Belle: Just so discovered by me a few days before the festival, Daughter turned out one of my personal highlights. Her gracious stage presence (that smile!) went well with the delicately crafted songs often reminiscent of a sonically stripped Florence & The Machine. Especially her indie hit ‘Youth’ was a success with the predominantly teenage festival crowd – something like the hipster alternative to fun’s ‘We Are Young’. Then again, ‘Setting fire on our insides for fun’ is lyrically on a whole different level than ‘So let’s set the world on fire/We can burn brighter than the sun’. But hey, who would ask that fun. have good lyrics too …
Redheadess: For the second time this year, the indie/afrobeat/rock’n’roll band The Kabeedies from Norwich pleased my eyes and ears. On the hot Saturday afternoon, they invaded the Vorschot stage, just as they had done twice before. For singer Katie Allard, it was the very last show and she has now unfortunately left the band, leaving the three boys on their own. And the sadness took over some: Not quite as happy-go-lucky as back in April she was dancing across the stage, while guitarist and birthday boy Evan Jones cracked jokes about wasps and heat and beer. I’m excited about the band’s future, now that Katie’s not with them anymore, and definitely hope to hear a lot from both her and the boys soon.
Pete: On the very sunny Saturday afternoon I made my way over to the Maschinenraum at the end of the festival site to see Lucy Rose. I had seen her before supporting Bombay Bicycle Club, but there she had played only with a cellist. This time she brought a whole band with guitarist, bassist, drummer and her old cellist friend, to the result that the songs had more power and the audience really enjoyed her set. Lucy was very sympathetic, smiling all the time and saying how great it was to be here. I remember her saying: “This is the most beautiful thing I’ve ever done in my life.” And maybe it was, because the weather that day was one of the best I’d ever had at a festival. Later I saw her in the backstage area, but was too shy to say that she has one of the most beautiful voices I’ve ever heard. 😉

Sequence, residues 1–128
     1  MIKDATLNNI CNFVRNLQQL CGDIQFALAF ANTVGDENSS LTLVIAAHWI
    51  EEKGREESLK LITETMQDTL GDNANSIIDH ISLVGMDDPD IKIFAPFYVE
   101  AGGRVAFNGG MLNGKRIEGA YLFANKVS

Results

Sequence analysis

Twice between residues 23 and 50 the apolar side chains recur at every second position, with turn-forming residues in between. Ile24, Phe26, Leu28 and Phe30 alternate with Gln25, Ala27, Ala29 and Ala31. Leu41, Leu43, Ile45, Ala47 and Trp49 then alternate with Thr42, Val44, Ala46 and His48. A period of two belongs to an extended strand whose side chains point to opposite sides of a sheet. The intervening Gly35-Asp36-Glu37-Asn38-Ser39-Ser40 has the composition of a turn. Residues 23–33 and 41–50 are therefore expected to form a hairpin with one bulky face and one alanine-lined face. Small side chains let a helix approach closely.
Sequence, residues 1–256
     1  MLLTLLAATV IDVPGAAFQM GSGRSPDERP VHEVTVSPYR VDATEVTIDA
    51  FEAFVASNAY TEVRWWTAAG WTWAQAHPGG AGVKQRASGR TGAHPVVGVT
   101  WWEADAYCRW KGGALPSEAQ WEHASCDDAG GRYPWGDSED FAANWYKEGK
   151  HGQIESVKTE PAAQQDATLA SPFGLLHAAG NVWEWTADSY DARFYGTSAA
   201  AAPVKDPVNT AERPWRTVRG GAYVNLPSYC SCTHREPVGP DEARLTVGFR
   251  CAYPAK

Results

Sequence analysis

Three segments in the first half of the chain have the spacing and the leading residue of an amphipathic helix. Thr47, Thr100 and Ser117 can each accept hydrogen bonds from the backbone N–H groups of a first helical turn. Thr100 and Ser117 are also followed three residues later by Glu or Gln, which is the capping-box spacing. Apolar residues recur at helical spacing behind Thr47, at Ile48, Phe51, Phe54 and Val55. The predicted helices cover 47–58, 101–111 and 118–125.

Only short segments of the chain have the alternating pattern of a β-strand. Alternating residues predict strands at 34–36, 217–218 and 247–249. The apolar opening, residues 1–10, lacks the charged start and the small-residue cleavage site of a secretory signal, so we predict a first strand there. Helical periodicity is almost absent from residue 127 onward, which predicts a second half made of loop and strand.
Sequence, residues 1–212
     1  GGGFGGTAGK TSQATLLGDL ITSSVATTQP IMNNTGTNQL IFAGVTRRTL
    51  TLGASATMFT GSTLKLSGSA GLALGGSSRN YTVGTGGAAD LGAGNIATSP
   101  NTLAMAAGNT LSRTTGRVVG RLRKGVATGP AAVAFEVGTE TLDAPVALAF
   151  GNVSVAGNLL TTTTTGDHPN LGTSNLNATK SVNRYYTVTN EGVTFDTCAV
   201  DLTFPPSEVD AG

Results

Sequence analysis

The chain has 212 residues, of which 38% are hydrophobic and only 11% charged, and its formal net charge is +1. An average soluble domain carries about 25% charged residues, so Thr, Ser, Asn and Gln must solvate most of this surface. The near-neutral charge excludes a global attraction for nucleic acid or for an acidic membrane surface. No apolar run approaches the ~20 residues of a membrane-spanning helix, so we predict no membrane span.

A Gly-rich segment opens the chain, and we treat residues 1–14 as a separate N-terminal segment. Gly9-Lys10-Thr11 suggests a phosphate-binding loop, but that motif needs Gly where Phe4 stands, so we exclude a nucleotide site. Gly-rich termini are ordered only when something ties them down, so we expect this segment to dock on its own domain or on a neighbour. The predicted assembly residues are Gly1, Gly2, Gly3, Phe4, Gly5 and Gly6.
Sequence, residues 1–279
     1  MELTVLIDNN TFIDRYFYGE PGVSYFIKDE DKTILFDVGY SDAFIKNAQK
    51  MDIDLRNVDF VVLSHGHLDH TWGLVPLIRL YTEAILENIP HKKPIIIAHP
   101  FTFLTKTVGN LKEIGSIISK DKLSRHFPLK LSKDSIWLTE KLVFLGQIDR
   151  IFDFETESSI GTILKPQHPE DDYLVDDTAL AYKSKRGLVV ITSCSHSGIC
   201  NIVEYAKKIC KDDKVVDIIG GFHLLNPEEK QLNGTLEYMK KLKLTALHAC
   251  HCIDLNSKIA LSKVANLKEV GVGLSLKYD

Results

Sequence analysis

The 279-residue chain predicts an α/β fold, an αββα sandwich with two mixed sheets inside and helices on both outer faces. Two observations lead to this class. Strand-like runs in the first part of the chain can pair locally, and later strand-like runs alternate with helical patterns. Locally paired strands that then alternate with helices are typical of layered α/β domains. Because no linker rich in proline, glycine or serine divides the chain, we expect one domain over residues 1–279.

Pete: This year was Metronomy‘s second time at Dockville and they were the band I was most looking forward to on Saturday. I had seen them in 2009 and it had been great. But this time it should be even better because in the meantime they had released the outstanding and Mercury Prize nominated album “The English Riviera” with songs like “The Bay”, which they performed at the beginning and “The Look” at the end. Their uniform band outfits with white shirts and beige trousers I think is called the “Riviera style”. Their one hour set consisted mainly of songs from “The English Riviera”. From their old albums they only played “Heartbreaker”, “Holiday” and “The End of You Too”, which finally made the crowd freak out. For real fans they had the little gem “You Could Easily Have Me”. You can find this song on their very first and unknown album “Pip Paine”. Back in those days Joseph Mount made music on his own without any band members. So all in all it was a very good set and I really enjoyed it.